Category Archives: Current Issues
World Wildlife Fund (WWF) releases “Plowprint Report” – The purpose of the Plowprint analysis is to identify remaining intact habitat across the Great Plains. This is done by tracking cumulative loss of grassland to cropland over time. WWF is estimating cumulative loss of grasslands because the conversion of intact grasslands represents a significant ecological loss that cannot easily be recovered. WWF is dedicated to eliminating grassland loss in the Northern Great Plains by 2030 to ensure a vibrant future for the human and wildlife communities across the region.
Please join us for an engaging workshop!
Pollinators are an essential part of biodiversity, providing services to over 80% of the worlds flowering plants and adding over 217 billion dollars to the global economy annually. However, current science shows drastic declines in pollinator population and their required habitats. This workshop will address the challenges we face in conserving native pollinators of North Dakota and foster a conversation on ways to successfully manage our resources for these declined species. Please see the NDCTWS Pollinator Workshop Agenda for more detailed information.
Date: February 6, 2018
Time: 9am – 5pm
Location: Baymont Inn and Suites, Mandan, ND
Cost: $25 for general registration (free for students)
Sponsors: NDCTWS, NDGF, NRCS
Take a moment to read the Conservation Notes that are submitted and posted to the NDCTWS website each month. Educational, thoughtful, and meaningful insights to wildlife conservation. https://ndctws.wordpress.com/articles/
A “Trapping Matters” Workshop will be held on February 7, 2017 from 10am – 5pm at the ND Game and Fish Department Auditorium. This workshop will help participants understand and better communicate the benefits of regulated trapping to wildlife management. Participants will leave with scientifically sound information and be trained in skills that will make them effective communicators on the subject.
Workshop cost is $30 and lunch is included.
For additional information contact Stephanie Tucker at 701-220-1871 or email@example.com or download the flyer here: Trapping Matters Workshop Flyer
The Chapter and the North Dakota Wildlife Federation are partnering on a conservation outreach project that is targeted to our State legislators.These notes cover current topics and issues affecting sportsmen, sportswomen and youth in ND. Click on Conservation Note # 4 -_State Needs To Play A Bigger Role in Conservation! For more information on this note, contact Mike McEnroe, President, ND Wildlife Federation, (firstname.lastname@example.org) or Rick Nelson, President-elect, NDCTWS, email@example.com.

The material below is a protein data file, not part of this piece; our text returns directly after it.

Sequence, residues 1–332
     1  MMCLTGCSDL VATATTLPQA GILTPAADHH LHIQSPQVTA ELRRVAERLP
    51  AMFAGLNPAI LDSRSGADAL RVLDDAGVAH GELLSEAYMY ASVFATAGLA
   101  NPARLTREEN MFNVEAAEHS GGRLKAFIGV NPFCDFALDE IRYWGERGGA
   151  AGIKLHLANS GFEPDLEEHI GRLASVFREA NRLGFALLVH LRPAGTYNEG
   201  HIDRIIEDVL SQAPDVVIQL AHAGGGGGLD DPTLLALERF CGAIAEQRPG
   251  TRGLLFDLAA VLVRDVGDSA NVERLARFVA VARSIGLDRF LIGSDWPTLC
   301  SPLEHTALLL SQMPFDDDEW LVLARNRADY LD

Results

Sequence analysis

The Chapter and the North Dakota Wildlife Federation are partnering on a conservation outreach project that is targeted to our State legislators.These notes cover current topics and issues affecting sportsmen, sportswomen and youth in ND. Click on Conservation Note #3 – Conservation Notes 3_Landowners Support Conservation For more information on this note, contact Mike McEnroe, President, ND Wildlife Federation, (firstname.lastname@example.org) or Rick Nelson, President-elect, NDCTWS, email@example.com.
A quiet movement is underway among the Governor’s Office, and Senators Hoeven and Heitkamp to institute federal legislation to transfer approximately 9,000 acres of federal land above elevation 1620 feet along Lake Oahe to private or state ownership. Most of the area is in the upper reaches of Lake Oahe and includes about 2,000 acres of Wildlife Management Area. Please read more about this in a story written by Lauren Donovan in the Bismarck Tribune. http://bismarcktribune.com/news/state-and-regional/lake-oahe-land-transfer-under-fire/article_6956d365-ff58-5f44-b810-2e0754be16a5.html
The North Dakota Chapter of The Wildlife Society is launching a new Facebook, Blog and Instagram site called “Prairie Matters”. The intent of this site is to promote a greater appreciation and understanding of native prairie on the northern Great Plains.
Among the topics that we will be highlighting this summer and fall include:
- Species of plants and animals that are iconic symbols of native prairie.
- Research being conducted on plants and animals found in the northern Great Plains.
- Species of conservation concern.
This site is NOT a political forum; the goal is to simply get people to care about and value this unique ecosystem and the plants and animals that depend upon it.
So please like and share these sites with friends and colleagues.